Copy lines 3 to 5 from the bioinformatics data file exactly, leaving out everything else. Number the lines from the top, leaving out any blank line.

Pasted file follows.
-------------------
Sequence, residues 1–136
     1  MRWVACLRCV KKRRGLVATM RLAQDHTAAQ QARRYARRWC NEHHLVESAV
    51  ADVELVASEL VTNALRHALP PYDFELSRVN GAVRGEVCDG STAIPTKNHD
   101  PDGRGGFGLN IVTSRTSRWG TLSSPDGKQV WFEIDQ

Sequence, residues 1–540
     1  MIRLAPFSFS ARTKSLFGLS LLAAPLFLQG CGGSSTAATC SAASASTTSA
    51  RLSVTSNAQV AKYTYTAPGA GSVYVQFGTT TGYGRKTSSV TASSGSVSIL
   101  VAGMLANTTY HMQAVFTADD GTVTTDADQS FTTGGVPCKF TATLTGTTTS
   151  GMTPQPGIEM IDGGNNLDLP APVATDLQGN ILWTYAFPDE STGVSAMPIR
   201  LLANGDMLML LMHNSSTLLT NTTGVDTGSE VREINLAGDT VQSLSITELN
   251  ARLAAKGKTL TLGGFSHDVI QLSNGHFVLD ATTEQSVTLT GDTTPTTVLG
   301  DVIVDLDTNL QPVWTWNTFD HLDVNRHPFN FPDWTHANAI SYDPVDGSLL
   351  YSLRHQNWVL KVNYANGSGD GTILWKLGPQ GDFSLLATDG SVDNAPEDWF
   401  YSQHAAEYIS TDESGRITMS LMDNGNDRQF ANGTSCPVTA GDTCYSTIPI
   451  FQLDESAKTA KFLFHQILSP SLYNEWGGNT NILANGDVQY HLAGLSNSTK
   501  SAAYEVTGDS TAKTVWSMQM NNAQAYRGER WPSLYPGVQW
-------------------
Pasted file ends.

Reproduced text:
    51  ADVELVASEL VTNALRHALP PYDFELSRVN GAVRGEVCDG STAIPTKNHD
   101  PDGRGGFGLN IVTSRTSRWG TLSSPDGKQV WFEIDQ

Sequence, residues 1–540